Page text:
Germanium: the essentials

Germanium is a gray-white semi-metal, and in its pure state is crystalline and brittle, retaining its lustre in air at room temperature. It is a very important semiconductor material. Zone-refining techniques have led to production of crystalline germanium for semiconductor use with an impurity of only one part in 10-10.

Certain germanium compounds have a low mammalian toxicity, but a clear activity against certain bacteria, which makes them of interest as chemotherapeutic agents.

Table: basic information about and classifications of germanium.

Germanium: historical information

Germanium was discovered by Clemens Winkler at 1886 in Germany. Origin of name: from the Latin word "Germania" meaning "Germany".

Germanium was an element whose existence was predicted by Mendeleev in 1871. He predicted that the then unknown element germanium should resemble silicon in its properties. He suggested therefore the name ekasilicon (symbol Es). His predictions for the properties of germanium are remarkably close to the reality. Germanium was discovered in a mineral called argyrodite by Clemens Alexander Winkler in 1886.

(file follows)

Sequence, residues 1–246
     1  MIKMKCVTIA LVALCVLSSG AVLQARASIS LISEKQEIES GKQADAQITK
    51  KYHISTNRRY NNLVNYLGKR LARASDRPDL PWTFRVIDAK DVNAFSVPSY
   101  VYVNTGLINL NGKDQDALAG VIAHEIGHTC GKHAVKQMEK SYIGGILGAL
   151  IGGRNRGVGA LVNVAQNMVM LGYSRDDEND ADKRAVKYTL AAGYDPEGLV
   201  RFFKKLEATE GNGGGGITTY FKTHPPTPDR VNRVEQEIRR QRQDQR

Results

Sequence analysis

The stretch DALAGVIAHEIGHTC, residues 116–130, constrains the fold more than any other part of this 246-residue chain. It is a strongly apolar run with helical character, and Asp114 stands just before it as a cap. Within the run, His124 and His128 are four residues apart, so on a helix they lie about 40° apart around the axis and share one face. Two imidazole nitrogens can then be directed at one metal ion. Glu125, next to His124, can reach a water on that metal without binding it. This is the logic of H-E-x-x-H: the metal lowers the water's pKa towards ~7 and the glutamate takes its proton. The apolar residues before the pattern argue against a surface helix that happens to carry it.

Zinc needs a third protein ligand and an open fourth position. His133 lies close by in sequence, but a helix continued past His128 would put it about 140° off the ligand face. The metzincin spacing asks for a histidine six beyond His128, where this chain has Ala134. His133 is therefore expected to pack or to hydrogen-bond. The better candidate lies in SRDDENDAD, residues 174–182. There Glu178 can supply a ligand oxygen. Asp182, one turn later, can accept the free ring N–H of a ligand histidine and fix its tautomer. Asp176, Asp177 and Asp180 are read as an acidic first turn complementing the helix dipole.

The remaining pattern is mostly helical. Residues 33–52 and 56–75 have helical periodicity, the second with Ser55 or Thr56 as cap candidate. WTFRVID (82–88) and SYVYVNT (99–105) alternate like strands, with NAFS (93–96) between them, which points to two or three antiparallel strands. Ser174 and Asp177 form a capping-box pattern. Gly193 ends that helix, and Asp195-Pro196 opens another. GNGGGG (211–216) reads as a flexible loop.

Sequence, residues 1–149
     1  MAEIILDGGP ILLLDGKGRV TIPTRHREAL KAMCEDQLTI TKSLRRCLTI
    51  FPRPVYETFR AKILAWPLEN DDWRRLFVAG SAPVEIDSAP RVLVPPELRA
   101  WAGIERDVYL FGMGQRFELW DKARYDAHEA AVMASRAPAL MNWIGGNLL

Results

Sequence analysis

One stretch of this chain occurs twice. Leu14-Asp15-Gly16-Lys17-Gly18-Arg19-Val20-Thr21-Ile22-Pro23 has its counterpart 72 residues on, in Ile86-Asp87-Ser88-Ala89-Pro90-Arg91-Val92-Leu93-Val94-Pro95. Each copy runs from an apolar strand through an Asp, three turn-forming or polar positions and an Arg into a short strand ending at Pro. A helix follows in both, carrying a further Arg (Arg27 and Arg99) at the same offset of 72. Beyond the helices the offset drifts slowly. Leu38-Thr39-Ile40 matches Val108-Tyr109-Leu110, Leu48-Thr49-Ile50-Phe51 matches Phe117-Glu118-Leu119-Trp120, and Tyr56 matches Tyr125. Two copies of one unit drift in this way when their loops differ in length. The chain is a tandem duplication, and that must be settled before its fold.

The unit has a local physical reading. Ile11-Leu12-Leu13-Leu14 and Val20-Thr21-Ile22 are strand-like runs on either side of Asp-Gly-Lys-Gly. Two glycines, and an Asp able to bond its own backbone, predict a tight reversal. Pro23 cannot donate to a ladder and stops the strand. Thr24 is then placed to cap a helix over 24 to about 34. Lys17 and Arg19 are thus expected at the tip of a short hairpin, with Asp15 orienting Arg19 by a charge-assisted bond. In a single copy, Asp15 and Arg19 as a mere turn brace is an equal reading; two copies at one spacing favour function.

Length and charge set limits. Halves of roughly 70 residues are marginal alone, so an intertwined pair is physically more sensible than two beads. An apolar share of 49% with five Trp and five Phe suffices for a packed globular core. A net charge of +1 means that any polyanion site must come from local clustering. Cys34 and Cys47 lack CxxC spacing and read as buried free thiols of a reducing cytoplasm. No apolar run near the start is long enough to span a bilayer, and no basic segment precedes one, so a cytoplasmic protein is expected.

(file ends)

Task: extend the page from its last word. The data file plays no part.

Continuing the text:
Germanium: physical properties

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Germanium: orbital properties

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Isolation: there is normally no need to make germanium in the laboratory as it is readily available commercially. Germanium is available through the treatment of germanium dioxide, GeO2, with carbon or hydrogen. The extraction of germanium from flue dust is complex because of the difficulty in separating it from zinc, which is also present.

GeO2 + 2C → Ge + 2CO

GeO2 + 2H2 → Ge + 2H2O

Very pure germanium can be made by the reaction of GeCl4 with hydrogen.

GeCl4 + 2H2 → Ge + 4HCl

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germanium atomic number